Postal Service uses private sector for new model

Postal Service uses private sector for new model

The destitute Postal Service has asked Congress to preserve its government status but make it more commercial to improve its competitive stance, postmaster general Jack Potter said today at the National Press Club in Washington.

Yesterday USPS sent its strategy for continuing universal mail service to the Senate Committee on Governmental Affairs. The service has projected a $1.35 billion loss for this year, and last fall's anthrax scares imposed large new expenses not factored into the loss.

The General Accounting Office said in a recent audit, 'USPS' financial outlook is becoming increasingly dire. Tinkering with the existing system will be insufficient to produce a comprehensive transformation that will enable USPS to fulfill its mission."

Among the changes under consideration are USPS e-commerce initiatives adapted to the new business model.

'All e-initiatives have gone slower than we would have liked,' said John Nolan, the deputy postmaster general. 'We must make sure we are focusing our resources on those products and services that will provide convenience and value to our customers.'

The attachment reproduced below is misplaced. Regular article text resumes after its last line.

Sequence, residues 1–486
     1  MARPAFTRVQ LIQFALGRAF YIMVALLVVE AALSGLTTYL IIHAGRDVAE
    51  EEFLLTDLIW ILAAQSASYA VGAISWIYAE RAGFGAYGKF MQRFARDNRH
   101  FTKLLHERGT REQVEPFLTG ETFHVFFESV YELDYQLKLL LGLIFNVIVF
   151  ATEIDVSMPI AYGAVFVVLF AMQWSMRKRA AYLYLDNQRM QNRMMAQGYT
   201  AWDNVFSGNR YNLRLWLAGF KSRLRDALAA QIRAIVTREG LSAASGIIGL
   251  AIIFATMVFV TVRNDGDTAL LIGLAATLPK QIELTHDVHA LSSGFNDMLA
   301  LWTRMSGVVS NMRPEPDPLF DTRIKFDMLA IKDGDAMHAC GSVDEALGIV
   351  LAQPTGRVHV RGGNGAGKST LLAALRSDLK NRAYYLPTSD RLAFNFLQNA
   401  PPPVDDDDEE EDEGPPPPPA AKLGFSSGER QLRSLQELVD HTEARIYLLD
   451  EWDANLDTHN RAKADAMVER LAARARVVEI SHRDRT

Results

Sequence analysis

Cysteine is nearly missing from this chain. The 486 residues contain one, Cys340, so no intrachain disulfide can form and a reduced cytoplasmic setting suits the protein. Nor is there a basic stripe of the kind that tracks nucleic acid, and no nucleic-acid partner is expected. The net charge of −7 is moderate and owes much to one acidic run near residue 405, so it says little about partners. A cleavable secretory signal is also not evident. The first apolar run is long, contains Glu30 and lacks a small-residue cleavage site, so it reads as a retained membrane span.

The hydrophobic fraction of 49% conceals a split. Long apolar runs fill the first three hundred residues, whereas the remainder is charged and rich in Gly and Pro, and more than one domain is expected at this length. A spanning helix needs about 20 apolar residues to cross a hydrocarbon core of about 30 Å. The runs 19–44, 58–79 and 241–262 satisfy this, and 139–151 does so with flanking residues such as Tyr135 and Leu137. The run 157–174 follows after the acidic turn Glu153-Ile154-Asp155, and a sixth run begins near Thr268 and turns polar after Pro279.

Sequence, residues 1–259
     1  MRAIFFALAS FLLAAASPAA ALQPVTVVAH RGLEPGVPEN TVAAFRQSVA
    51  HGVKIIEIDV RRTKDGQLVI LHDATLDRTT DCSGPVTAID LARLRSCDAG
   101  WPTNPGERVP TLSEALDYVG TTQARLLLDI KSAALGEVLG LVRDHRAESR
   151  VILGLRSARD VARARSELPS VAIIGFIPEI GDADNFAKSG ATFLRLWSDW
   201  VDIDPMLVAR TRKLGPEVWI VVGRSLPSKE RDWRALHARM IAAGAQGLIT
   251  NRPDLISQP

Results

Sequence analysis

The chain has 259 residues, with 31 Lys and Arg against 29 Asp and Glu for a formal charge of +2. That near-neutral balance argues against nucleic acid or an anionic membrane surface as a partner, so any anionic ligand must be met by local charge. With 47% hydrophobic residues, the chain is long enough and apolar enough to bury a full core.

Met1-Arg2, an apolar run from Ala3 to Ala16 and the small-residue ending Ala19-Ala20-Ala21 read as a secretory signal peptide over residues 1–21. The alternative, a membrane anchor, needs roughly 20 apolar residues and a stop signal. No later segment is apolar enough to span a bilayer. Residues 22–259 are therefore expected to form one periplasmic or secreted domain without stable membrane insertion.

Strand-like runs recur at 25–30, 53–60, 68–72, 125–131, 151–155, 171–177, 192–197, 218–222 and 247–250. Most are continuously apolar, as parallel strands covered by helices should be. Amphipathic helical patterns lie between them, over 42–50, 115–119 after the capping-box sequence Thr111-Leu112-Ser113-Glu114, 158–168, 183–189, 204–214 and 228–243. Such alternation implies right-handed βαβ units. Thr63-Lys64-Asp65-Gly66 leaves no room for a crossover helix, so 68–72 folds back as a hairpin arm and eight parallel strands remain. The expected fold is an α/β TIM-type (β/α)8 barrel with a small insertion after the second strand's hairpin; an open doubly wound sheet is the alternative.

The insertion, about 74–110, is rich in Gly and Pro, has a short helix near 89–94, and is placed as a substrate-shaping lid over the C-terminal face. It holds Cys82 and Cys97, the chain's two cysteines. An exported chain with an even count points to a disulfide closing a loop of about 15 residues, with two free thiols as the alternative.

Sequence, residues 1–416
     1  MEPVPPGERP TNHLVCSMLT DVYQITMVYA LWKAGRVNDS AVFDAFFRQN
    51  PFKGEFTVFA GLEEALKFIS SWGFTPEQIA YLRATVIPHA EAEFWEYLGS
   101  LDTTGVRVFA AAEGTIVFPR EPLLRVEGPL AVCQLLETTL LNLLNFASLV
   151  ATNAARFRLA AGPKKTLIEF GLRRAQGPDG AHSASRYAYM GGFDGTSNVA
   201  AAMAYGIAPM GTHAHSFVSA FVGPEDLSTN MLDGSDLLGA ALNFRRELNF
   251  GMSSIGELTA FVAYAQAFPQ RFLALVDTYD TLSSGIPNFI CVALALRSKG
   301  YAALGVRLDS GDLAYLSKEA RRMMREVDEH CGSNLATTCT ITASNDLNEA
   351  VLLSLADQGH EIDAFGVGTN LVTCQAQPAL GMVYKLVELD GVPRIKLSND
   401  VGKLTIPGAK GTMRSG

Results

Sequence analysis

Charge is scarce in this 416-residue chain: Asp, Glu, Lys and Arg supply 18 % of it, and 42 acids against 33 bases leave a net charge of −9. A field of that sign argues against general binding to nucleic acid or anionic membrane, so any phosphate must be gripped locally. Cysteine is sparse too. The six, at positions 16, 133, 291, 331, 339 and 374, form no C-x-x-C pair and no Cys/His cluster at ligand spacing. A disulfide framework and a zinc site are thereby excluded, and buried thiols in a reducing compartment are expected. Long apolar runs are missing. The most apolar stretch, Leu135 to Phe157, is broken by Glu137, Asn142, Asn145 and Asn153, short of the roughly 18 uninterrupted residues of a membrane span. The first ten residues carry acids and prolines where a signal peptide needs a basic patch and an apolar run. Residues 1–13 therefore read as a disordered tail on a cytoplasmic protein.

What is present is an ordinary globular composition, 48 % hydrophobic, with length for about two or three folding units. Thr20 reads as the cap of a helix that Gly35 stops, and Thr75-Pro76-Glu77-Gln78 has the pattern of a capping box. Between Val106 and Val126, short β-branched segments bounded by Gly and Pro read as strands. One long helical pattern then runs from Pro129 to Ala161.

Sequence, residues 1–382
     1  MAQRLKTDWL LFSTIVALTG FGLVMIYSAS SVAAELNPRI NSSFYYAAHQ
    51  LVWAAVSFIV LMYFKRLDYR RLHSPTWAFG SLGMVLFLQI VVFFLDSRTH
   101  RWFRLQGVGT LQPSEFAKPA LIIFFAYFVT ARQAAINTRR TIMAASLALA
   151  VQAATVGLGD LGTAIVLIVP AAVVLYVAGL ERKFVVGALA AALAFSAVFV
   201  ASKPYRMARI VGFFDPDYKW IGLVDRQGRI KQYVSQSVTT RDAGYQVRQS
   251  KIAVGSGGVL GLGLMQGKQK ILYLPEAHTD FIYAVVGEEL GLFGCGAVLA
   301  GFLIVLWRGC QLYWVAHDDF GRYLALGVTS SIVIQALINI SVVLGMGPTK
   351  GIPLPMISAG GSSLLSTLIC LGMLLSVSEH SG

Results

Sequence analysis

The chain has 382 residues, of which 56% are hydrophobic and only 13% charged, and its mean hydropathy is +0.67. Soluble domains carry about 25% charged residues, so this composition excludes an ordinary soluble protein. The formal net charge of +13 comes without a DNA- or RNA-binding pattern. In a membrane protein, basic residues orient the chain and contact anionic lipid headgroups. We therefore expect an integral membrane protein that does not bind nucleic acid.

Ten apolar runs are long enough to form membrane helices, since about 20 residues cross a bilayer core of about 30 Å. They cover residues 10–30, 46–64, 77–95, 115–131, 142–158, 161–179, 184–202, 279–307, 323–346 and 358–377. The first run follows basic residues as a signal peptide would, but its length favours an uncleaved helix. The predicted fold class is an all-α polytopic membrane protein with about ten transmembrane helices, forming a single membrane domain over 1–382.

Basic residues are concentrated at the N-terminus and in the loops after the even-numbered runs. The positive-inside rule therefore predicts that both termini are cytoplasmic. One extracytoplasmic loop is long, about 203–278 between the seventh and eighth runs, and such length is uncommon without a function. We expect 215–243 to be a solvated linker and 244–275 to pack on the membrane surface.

Nolan said the Postal Service will take a hard look at the e-commerce initiatives this year and decide which ones it needs to keep and which ones to abandon.

The transformation plan considered three possible business models, ranging from full privatization to full-fledged government agency status. The chosen model would leave ownership with the federal government but would structure USPS to operate in a private-sector manner.

'This model is markedly different from what we have today,' Potter said. 'Instead of breaking even, our financial goal would be to generate reasonable returns. Earnings would finance capital projects instead of having to resort to increasing our debt load.'

He said the chosen model would let the Postal Service develop new revenue streams, introduce flexible pricing and explore ways to make collective bargaining work better.

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